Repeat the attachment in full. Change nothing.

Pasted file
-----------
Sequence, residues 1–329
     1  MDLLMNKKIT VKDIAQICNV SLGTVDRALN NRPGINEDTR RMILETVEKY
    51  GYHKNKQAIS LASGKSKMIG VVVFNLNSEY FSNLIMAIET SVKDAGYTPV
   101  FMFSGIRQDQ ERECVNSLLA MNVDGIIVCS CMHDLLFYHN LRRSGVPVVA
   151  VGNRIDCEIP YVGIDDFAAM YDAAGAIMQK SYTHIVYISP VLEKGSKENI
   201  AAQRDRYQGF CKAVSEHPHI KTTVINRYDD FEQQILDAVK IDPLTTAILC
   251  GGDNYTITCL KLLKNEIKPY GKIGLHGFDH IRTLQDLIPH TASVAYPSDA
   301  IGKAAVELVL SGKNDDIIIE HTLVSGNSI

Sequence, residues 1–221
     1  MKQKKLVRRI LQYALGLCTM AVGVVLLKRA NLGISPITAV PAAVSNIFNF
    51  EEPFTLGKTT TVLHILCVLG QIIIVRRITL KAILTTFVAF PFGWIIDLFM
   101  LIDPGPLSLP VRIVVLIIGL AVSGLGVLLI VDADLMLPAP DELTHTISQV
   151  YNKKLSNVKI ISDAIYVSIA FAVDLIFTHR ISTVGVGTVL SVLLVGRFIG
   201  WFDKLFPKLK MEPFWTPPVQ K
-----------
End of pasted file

Sequence, residues 1–329
     1  MDLLMNKKIT VKDIAQICNV SLGTVDRALN NRPGINEDTR RMILETVEKY
    51  GYHKNKQAIS LASGKSKMIG VVVFNLNSEY FSNLIMAIET SVKDAGYTPV
   101  FMFSGIRQDQ ERECVNSLLA MNVDGIIVCS CMHDLLFYHN LRRSGVPVVA
   151  VGNRIDCEIP YVGIDDFAAM YDAAGAIMQK SYTHIVYISP VLEKGSKENI
   201  AAQRDRYQGF CKAVSEHPHI KTTVINRYDD FEQQILDAVK IDPLTTAILC
   251  GGDNYTITCL KLLKNEIKPY GKIGLHGFDH IRTLQDLIPH TASVAYPSDA
   301  IGKAAVELVL SGKNDDIIIE HTLVSGNSI

Sequence, residues 1–221
     1  MKQKKLVRRI LQYALGLCTM AVGVVLLKRA NLGISPITAV PAAVSNIFNF
    51  EEPFTLGKTT TVLHILCVLG QIIIVRRITL KAILTTFVAF PFGWIIDLFM
   101  LIDPGPLSLP VRIVVLIIGL AVSGLGVLLI VDADLMLPAP DELTHTISQV
   151  YNKKLSNVKI ISDAIYVSIA FAVDLIFTHR ISTVGVGTVL SVLLVGRFIG
   201  WFDKLFPKLK MEPFWTPPVQ K